In addition, the course was offered early in the tenure of the CRC-led USAID/Ghana Sustainable Fisheries Management Project (SFMP), which aims to help Ghana rebuild its collapsing small pelagic fishery, providing a broad window of opportunity for learning and implementation. “The primary difficulty is that even though there are strict rules and regulations in place, very few people are complying with them,” Castro said. SFMP and the fisheries leadership courses strive to change that.

The program, hosted at the University of Cape Coast (UCC), included faculty participants with the aim of building their capacity to offer these courses in the future. Next year, SFMP and UCC will co-facilitate and jointly implement the course.

Unlike some of the fisheries management programs CRC offers, which focus more on the technical aspects of fisheries, this course focused more on building leadership skills and empowering participants to understand that they can influence behavior throughout the fisheries system. The program covered how to influence people, how to understand your role in influencing positive behavior change, how to address conflict through finding common interest and understanding with those you might think you share no common ground.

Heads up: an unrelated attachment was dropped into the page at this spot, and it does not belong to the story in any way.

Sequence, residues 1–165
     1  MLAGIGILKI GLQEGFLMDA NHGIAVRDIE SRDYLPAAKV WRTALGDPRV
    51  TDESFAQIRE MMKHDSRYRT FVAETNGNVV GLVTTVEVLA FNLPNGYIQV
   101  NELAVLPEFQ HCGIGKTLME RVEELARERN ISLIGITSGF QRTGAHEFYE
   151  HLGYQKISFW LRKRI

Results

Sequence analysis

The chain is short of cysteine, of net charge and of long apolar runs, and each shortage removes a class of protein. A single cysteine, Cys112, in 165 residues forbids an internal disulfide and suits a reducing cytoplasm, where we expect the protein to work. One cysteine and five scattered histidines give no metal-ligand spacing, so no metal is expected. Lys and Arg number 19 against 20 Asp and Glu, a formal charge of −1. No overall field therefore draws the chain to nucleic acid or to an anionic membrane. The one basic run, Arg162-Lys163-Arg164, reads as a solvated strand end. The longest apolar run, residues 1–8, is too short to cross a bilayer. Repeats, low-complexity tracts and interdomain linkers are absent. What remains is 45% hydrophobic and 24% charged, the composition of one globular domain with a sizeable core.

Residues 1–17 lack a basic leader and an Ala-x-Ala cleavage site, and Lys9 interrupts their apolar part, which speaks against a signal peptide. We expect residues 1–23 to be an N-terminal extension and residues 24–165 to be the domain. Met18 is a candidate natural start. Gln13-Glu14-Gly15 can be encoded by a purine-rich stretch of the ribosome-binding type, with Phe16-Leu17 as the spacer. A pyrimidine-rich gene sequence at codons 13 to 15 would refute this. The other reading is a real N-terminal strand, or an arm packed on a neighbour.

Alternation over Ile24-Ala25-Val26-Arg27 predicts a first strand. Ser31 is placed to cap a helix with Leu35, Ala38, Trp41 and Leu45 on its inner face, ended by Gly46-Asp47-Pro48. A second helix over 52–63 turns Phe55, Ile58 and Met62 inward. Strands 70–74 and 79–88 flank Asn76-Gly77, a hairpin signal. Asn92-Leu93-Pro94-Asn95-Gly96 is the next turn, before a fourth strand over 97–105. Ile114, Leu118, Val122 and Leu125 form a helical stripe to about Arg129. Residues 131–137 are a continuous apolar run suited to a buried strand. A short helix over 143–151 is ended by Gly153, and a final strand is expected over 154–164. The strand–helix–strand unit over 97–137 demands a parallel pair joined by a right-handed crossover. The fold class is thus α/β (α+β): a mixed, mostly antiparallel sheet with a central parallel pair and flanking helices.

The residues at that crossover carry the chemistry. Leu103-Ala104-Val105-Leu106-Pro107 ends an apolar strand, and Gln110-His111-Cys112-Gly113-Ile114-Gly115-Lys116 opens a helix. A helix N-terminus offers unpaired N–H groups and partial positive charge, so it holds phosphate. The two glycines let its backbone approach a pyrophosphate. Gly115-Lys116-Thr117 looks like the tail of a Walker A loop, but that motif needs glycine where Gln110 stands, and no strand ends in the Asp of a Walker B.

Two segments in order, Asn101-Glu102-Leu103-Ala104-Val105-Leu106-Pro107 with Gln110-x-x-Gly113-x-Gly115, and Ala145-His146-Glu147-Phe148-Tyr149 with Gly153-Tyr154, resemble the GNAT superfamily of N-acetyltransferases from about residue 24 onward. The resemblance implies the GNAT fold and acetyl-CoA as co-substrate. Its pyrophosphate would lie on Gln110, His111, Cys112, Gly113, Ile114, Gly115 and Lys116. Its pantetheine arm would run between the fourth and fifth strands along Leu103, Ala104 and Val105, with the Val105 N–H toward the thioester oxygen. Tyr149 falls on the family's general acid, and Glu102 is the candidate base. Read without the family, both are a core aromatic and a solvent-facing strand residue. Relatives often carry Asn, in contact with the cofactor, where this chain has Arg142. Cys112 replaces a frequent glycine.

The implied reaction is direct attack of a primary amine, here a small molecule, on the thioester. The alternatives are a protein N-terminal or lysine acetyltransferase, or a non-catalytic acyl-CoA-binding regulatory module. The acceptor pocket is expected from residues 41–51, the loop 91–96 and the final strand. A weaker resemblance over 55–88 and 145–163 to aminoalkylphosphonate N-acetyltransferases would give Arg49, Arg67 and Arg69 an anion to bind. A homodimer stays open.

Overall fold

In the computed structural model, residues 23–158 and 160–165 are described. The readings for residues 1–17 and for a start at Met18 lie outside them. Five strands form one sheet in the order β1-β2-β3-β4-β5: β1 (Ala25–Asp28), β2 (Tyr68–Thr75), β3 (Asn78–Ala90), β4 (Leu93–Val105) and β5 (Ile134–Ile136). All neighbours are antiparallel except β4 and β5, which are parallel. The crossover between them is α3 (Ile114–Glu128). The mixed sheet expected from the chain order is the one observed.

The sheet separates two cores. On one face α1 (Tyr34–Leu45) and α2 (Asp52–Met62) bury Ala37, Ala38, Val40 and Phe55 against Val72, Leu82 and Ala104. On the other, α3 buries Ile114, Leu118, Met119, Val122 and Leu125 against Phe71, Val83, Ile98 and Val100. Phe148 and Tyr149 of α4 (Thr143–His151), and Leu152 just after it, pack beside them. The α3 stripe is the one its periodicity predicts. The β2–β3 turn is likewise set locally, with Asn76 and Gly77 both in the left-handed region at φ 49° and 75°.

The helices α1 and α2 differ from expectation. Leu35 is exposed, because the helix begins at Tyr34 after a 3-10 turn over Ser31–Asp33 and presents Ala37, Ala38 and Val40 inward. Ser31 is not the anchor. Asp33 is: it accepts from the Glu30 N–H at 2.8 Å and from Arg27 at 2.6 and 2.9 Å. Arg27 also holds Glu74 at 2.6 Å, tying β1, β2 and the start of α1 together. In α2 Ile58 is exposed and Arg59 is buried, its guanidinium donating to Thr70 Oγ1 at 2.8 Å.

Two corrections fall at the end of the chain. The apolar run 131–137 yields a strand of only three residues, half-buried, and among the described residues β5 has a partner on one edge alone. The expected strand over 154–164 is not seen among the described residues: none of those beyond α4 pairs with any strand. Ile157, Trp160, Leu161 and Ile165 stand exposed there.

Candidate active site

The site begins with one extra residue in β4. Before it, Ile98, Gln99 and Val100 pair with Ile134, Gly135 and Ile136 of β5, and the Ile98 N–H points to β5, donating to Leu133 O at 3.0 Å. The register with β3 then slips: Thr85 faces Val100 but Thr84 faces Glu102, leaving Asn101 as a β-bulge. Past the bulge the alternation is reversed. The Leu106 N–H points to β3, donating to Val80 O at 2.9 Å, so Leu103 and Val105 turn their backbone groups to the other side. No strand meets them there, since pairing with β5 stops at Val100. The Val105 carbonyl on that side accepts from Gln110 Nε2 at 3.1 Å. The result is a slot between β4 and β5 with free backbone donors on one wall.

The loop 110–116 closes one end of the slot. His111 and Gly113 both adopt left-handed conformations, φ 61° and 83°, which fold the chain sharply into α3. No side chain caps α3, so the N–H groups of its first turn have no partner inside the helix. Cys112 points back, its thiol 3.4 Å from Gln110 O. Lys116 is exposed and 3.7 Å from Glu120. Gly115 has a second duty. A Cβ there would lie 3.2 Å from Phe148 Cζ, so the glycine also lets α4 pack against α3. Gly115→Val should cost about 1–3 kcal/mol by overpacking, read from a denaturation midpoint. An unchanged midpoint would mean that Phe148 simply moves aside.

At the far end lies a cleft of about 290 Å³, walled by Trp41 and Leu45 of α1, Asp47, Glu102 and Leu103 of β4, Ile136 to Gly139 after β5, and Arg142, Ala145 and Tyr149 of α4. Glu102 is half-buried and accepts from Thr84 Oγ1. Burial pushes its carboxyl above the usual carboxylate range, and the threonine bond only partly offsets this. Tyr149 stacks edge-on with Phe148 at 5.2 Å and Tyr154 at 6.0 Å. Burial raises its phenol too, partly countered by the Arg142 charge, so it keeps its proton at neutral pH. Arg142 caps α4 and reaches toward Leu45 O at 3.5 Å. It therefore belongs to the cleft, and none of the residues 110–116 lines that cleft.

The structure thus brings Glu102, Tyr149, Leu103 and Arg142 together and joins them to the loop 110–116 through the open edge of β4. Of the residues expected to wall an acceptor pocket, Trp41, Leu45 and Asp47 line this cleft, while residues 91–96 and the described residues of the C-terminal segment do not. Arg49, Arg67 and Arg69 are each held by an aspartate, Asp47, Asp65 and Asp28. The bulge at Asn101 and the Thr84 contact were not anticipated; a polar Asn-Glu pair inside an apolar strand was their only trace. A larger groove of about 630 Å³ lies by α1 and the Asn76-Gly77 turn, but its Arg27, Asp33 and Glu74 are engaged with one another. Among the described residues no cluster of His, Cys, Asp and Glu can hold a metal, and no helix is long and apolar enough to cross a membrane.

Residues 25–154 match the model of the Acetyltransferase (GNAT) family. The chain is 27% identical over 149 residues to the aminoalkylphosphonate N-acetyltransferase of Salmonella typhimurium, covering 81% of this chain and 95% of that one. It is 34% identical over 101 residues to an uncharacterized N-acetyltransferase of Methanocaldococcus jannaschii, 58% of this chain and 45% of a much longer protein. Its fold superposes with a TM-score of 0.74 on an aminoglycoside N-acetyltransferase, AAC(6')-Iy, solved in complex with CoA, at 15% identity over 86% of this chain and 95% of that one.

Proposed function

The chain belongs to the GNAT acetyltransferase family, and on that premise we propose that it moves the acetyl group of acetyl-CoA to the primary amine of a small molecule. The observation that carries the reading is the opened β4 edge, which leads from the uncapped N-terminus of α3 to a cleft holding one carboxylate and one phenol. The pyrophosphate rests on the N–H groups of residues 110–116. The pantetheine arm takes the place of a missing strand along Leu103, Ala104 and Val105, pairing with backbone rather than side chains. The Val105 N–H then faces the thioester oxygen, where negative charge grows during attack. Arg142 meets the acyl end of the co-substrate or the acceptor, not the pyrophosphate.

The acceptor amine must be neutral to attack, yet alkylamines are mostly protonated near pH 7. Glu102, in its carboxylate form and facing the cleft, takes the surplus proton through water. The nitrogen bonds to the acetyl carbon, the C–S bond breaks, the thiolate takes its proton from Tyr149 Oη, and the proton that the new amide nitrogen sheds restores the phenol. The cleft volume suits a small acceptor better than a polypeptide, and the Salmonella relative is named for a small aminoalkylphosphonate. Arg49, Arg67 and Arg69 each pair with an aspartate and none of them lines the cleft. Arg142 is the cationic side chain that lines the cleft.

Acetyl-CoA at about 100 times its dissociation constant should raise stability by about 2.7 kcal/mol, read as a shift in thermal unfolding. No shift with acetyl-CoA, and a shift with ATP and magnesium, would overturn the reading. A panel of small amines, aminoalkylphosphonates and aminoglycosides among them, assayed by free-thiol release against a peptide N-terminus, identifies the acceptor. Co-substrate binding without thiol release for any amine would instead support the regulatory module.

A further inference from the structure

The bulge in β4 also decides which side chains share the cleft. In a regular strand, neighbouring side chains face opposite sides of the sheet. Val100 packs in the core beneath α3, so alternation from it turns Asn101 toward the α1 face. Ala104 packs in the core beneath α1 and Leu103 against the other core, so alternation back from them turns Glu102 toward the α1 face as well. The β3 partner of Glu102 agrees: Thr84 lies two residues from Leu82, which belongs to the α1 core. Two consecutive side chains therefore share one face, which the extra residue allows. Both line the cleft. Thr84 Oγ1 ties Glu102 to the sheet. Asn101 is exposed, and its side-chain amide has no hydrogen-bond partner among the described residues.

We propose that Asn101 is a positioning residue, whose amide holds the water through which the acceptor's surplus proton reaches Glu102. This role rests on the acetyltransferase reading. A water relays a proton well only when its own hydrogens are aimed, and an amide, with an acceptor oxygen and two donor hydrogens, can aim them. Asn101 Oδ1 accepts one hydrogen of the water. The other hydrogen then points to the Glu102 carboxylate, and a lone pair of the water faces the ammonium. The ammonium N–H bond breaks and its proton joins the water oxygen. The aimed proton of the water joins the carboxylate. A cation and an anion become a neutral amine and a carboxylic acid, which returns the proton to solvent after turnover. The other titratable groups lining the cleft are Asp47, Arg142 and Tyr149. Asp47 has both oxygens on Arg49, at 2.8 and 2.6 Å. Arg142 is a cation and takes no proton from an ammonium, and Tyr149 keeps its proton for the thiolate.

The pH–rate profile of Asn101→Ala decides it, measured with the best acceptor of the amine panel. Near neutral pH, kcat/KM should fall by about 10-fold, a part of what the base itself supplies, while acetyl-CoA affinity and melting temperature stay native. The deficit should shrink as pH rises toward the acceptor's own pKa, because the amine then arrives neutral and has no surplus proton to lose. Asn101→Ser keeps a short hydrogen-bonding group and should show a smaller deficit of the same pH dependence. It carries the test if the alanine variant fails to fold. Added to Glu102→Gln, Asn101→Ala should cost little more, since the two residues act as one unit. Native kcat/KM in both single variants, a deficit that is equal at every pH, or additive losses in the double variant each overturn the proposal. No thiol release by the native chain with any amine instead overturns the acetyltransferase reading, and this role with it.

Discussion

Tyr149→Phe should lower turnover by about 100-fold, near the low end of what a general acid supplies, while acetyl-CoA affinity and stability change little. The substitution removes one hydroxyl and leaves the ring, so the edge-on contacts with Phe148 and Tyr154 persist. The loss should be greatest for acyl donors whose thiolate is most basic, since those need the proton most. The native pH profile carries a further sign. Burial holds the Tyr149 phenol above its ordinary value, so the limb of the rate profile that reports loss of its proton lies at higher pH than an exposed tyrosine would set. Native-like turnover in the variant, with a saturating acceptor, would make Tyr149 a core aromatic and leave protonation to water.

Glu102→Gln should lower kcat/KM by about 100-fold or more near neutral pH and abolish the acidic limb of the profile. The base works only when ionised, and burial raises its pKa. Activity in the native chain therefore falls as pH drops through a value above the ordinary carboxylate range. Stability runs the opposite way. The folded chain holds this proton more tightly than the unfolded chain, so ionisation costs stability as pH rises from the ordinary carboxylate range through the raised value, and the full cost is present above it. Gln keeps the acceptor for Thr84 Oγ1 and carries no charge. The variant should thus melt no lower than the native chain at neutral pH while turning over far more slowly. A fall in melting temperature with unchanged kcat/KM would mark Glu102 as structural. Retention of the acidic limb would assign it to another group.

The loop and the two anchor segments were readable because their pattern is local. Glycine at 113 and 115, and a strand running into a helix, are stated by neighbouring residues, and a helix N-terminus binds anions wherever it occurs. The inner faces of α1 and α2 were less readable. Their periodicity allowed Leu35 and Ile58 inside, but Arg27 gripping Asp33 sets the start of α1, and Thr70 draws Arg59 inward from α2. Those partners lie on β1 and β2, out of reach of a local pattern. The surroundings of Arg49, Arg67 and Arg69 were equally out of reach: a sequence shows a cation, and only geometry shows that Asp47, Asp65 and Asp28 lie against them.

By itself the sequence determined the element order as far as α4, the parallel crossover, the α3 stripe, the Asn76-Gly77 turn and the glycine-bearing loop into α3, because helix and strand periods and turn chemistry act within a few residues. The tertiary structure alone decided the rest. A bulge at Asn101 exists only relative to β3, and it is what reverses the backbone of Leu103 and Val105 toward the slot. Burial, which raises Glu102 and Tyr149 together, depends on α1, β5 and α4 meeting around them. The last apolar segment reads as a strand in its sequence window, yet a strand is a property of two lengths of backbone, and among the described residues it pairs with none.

With SFMP now underway, “there will be a great deal of follow on. We will offer programs like this twice a year. We want to create a group of 100 leaders throughout the fisheries system, strengthen their knowledge and ability to influence discussions from the local to the regional and national level. The courses are just a small part of a larger capacity development strategy to foster learning outside of the classroom,” Ricci said.